Most of Luther’s theses had to do with his rejection of the practice of selling “indulgencies” in the Catholic Church of his time – a means of raising money for the church which claimed that people might pay to have the souls of loved ones or others released from “purgatory.” Although this may seem like ancient history to most of us in the modern world, and most of us may not know what a single one of Luther’s 95 theses was, there are some timeless lessons to be found there.
In his very first thesis – which formed the basis of those that followed – Luther (citing Matthew 4:17) wrote: “Our Lord and Master Jesus Christ, when He said, ‘Repent’, willed that the whole life of believers should be repentance.” This statement was a remarkable one for its time. The Vulgate – the Latin version of the Bible used by the Catholic Church – translated the command to repent in Matthew 4:17 with the words paenitentiam agite, meaning “Go, and do penance.” But Luther found that in the Greek text of the New Testament the word for repentance used by the New Testament writers was metanoia, which has nothing to do with penance and means to change one’s heart and mind – to be changed or converted.
This deeper and more accurate understanding of the concept of repentance had a direct impact on Luther’s first thesis, for we obviously cannot constantly be doing penance throughout our whole lives; but as Luther stated, our lives as believers should be ones of ongoing repentance in the sense of continual change and ongoing conversion.
The truth that Luther had learned was that all of the Christian life is repentance. Certainly, the Bible speaks of a primary repentance when we first turn to God from our own sinfulness (Acts 2:38, 11:18), and we might call that “Repentance with a capital R.” But the Scriptures also show that our initial Repentance is followed by an ongoing repentance (here with a small “r”) that is the continual mindset of the Christian. This does not mean constantly dwelling on our mistakes and failures, but continually and immediately repenting when we do find we have come short of God’s way.
We see this ongoing or additional repentance throughout the Bible. We see it frequently, for example, in the psalms of David where he expresses repentance on many occasions. We see it in the New Testament in scriptures such as Revelation 2:5 which commands members of the church to repent of errors into which they have fallen, and in 1 John 1:8-9 which tells us that: “If we claim to be without sin, we deceive ourselves and the truth is not in us. If we confess our sins, he is faithful and just and will forgive us our sins and purify us from all unrighteousness.”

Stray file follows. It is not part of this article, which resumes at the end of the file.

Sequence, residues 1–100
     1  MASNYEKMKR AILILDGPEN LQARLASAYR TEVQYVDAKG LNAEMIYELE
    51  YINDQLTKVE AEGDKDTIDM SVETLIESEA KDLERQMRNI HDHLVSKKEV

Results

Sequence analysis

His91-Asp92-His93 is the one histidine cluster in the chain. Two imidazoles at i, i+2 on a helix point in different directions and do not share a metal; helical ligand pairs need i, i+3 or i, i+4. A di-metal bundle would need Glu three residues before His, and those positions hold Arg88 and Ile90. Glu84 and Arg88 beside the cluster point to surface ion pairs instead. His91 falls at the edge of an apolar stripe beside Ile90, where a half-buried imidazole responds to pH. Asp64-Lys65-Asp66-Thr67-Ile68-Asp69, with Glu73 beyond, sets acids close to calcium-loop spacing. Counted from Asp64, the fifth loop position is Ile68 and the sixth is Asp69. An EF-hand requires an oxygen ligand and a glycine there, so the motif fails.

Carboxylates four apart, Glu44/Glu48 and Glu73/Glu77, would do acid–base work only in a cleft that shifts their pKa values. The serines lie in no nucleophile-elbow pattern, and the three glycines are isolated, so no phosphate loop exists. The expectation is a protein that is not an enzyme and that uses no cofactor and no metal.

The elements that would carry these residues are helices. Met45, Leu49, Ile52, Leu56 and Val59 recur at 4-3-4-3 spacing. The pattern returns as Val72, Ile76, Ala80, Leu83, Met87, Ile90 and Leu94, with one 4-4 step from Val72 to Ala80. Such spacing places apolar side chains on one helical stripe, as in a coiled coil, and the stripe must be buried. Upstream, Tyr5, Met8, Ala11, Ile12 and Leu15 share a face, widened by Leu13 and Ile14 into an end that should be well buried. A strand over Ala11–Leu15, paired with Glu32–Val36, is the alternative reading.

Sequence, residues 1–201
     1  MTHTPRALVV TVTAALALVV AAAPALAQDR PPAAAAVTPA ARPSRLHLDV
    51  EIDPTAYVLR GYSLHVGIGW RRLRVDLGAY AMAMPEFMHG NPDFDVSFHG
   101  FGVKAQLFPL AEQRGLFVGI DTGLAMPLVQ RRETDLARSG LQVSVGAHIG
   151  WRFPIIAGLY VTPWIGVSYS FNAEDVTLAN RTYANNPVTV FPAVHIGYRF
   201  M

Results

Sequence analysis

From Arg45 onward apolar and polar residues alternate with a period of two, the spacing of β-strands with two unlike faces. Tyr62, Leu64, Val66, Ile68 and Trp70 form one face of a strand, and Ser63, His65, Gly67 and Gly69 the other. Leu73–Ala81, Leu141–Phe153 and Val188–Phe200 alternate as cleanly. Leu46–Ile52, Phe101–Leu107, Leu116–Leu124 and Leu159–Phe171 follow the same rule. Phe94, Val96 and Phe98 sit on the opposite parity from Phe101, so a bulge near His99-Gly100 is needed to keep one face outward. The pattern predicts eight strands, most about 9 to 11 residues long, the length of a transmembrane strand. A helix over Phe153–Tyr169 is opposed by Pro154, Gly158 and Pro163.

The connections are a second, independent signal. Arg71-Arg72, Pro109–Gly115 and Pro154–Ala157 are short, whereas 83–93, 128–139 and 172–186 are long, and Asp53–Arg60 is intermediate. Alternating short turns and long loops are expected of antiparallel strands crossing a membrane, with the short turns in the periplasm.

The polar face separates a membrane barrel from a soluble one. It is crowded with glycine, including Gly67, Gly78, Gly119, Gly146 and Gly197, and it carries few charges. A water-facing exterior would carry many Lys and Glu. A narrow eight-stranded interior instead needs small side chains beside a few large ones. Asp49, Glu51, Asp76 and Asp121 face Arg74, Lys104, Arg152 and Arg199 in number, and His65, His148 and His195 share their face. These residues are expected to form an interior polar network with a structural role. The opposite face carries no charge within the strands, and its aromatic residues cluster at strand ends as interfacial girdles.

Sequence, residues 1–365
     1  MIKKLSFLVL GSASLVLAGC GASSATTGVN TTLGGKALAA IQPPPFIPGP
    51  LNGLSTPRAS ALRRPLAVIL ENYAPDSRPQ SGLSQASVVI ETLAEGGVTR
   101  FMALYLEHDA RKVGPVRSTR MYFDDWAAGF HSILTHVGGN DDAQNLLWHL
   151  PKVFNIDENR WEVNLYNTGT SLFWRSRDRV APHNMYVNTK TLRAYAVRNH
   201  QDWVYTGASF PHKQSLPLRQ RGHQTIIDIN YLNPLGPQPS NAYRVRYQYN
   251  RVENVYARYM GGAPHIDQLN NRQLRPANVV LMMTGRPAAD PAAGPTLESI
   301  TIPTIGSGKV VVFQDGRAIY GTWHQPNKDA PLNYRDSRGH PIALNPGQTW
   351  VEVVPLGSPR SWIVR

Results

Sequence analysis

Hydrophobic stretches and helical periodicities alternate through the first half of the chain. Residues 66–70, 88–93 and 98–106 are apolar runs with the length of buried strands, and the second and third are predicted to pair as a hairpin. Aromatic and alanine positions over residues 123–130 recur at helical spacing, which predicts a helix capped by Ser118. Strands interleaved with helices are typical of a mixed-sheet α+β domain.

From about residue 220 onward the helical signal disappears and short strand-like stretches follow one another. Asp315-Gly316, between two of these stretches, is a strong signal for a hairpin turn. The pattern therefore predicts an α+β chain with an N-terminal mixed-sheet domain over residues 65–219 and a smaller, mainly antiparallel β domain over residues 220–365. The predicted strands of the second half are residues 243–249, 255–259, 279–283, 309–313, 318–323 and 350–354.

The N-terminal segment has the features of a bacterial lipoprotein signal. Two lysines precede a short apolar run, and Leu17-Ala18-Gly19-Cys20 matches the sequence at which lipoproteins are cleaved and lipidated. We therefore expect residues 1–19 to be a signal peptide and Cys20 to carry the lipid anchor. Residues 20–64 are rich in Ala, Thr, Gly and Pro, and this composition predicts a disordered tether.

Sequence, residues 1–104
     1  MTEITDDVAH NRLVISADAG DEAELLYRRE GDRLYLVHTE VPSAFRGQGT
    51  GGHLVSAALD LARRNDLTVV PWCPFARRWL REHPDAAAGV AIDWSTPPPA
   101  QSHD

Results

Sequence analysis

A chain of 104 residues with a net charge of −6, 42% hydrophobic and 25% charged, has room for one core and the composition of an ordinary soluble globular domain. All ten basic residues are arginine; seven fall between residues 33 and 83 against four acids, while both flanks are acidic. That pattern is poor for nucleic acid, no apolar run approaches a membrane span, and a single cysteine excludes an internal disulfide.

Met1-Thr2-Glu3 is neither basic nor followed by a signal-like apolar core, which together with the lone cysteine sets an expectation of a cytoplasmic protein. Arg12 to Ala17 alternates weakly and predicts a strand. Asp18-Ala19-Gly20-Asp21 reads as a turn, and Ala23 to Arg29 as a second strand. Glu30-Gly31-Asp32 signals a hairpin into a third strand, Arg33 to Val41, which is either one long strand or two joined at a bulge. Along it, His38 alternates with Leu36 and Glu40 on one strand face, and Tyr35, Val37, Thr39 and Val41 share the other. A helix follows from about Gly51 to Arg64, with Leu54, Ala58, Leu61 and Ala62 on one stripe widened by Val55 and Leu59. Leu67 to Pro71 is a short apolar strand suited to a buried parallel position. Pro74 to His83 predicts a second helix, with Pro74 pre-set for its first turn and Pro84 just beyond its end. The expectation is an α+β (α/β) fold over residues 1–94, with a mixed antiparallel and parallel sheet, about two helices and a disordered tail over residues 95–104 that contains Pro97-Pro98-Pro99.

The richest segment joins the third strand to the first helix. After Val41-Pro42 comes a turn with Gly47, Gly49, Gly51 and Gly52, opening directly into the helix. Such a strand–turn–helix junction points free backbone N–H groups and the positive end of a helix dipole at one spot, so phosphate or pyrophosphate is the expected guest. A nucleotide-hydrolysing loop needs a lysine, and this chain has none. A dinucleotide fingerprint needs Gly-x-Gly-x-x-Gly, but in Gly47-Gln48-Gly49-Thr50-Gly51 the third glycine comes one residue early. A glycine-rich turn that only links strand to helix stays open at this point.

This is the ongoing reality that the apostle Paul had in mind when he wrote: “So then, just as you received Christ Jesus as Lord, continue to live your lives in him” (Colossians 2:16). Just as we begin our Christian lives with repentance and faith (Acts 2:38), so Paul says, we must continue – in repentance and faith.
We know that it is the Spirit of God that leads us to initial repentance (Romans 2:4), and as his Spirit continues to live in us (1 Corinthians 3:16) we are continually guided to repentance from ongoing mistakes and sins. The Scriptures are clear that this ongoing repentance is not done to try to earn salvation, but as a natural result of salvation occurring in our lives and our desire to become more and more like God. In other words, we are forgiven our sins through the occurrence of Repentance at the beginning of our Christian lives – but we continue to ask God to forgive us and spare us from the consequences of our sins after that point. Every small “repentance” reaffirms our original “Repentance.”
In reclaiming the concept of ongoing repentance, Luther discovered something that every Christian must discover and act on also: that true repentance is not just an inaugural event in our Christian lives, but it is also the very basis of our life in Christ from that time forward.
The concept of ongoing lifelong repentance is not a message that is commonly heard in many churches, but it is a message that we need to nail firmly to the doors of our hearts and minds.